Five Tips for Improving Clarity


A few years ago, a cellular phone company aired a series of memorable television commercials. They all involved people in ridiculous situations caused by bad phone connections. In one, a wife asks her husband to buy some shampoo, and he comes home with Shamu, the killer whale. In another, the woman asks for a movie—something old—and he brings home a monkey with a cold. The phone company was suggesting that the clarity of their service would have prevented such miscommunication.

Writers also need to be concerned with the clarity of their communication. The most basic purpose of writing is to transmit information; so getting your message through is the most important part of the task.

​There is no secret to writing with clarity. Employing the writing process is helpful, because it gives opportunity to revise and reorder and hopefully clear up what is fuzzy. A solid grasp of the basics of grammar and usage is important. Clear thinking and a sense of organization helps. But the number of potential pitfalls is enormous.  There are many ways to muddy up writing and force your reader to wring the meaning out of your words.

​A waitress asks a customer if he’d like a drink refill. He replies, “Give me a second,” and is surprised when the waitress returns with a new glass. He only wanted some time to make up his mind, but his choice of words left open two possibilities. That’s a communication problem.
​Church bulletins are famous for confusing (and entertaining) readers:

  • The ladies of the church have cast off clothing of every kind. They may be seen in the basement on Friday afternoon.
  • For those of you who have children and don’t know it, we have a nursery downstairs.
  • Don’t let worry kill you. Let the church help.
  • The Reverend Merriweather spoke briefly, much to the delight of the audience.

​Just leave out a punctuation mark or two and you can really mess things up:

  • King Charles walked and talked half an hour after his head was chopped off. (huh?)
  • King Charles walked and talked. Half an hour after, his head was chopped off. (oh!)

Put a space where it doesn’t belong and you can dramatically alter the meaning of your sentence:

  • Look what’s in the road ahead!
  • Look what’s in the road—a  head!

As you mature as a writer, you will learn to identify the particular kinds of clarity problems you struggle with. For now, here’s some advice: Before you’re done, read your work as though you were someone else.

​One of the reasons students lack clarity in writing is their inability to read from another’s perspective. Don’t assume that just because your message is clear to you, it will be clear to the reader. Step out of yourself and read as if you were seeing the words for the first time. Ask yourself if all information has been included that an ordinary reader would require. Ask yourself if the words and phrases you’ve selected communicate exactly what you had hoped. Revise any places that could cause confusion.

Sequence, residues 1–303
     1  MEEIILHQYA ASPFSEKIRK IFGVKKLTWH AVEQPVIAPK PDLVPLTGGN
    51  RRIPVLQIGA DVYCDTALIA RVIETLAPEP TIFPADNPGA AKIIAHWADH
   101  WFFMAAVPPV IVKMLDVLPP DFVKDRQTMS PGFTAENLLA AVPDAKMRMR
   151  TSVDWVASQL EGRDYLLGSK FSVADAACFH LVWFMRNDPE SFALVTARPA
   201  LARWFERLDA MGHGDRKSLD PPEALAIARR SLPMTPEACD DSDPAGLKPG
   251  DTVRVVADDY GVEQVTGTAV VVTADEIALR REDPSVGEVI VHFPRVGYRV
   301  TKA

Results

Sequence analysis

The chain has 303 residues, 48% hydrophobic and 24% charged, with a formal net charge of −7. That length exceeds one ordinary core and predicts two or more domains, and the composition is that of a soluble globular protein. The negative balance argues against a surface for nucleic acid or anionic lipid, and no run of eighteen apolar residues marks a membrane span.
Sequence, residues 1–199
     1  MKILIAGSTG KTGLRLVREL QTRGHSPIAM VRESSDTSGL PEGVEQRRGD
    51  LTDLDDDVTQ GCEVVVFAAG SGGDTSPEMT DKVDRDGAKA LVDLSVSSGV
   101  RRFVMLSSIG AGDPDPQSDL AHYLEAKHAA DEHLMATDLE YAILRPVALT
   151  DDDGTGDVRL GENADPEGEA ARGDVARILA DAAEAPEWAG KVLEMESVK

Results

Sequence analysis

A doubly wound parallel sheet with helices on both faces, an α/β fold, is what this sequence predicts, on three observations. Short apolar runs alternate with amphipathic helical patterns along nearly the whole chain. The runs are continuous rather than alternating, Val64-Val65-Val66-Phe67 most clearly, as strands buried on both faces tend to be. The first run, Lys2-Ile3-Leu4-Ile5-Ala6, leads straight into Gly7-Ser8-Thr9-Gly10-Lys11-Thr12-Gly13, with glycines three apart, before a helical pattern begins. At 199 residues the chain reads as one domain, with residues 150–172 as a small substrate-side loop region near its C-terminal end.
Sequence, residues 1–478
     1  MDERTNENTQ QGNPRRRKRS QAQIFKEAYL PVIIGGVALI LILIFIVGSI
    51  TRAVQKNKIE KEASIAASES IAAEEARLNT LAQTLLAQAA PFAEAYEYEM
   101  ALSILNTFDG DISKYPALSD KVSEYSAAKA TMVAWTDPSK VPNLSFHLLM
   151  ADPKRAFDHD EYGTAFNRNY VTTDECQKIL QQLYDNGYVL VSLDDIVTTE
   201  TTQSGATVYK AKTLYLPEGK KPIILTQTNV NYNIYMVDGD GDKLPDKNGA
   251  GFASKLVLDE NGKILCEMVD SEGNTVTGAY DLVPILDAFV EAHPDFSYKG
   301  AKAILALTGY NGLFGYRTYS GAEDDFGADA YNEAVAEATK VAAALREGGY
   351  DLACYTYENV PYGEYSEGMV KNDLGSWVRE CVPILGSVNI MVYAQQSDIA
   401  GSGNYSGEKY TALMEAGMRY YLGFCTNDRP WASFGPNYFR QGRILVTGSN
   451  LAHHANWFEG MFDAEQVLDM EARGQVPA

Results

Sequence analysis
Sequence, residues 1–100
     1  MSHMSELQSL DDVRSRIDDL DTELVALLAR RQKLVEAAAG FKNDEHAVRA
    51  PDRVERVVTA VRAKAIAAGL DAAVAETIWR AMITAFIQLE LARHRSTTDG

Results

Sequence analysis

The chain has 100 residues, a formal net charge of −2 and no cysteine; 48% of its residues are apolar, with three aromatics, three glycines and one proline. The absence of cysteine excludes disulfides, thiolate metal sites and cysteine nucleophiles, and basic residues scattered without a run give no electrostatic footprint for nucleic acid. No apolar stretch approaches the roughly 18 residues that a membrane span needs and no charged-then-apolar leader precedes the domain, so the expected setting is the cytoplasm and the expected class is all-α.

​Good writing is clear from the first reading. It shouldn’t be necessary to go back and reread any portion of our work in order to make sense of it. Readers might have to work to understand our ideas, but they shouldn’t have to work to understand our language.

​Here are a just a few ways to help keep your writing clear:

1. Include all necessary information. Don’t assume your reader knows what you know. Don’t be patronizing, but make sure everything that needs to be said is said.

2. Be grammatically correct.  Bad usage and mechanics can throw readers into confusion. Punctuate well. Place modifiers carefully. Make sure your pronouns have clear antecedents, etc.

3. Eliminate wordiness. Say things concisely. Vary the lengths of your sentences, but generally resist getting too complex. Short, simple words are usually better than long, impressive ones. (Why use a big word when a diminutive one will do?)

4. Use transitions wisely. Learn strategies for moving from one idea to the next. Show how one thought is related to the next.

5. Avoid careless errors. It’s easy to leave out important words, or repeat yourself unintentionally. Another common careless error is thinking of one word, but writing another.

​These are just a handful of things to think about.  As you mature as a writer, you will learn more and more to identify and eliminate muddiness in your writing. Not everyone will become a great writer, but anyone can write with clarity.


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About the Author

Brian WaskoBrian is the founder and president of One of his passions is to teach young people how to write better.View all posts by Brian Wasko

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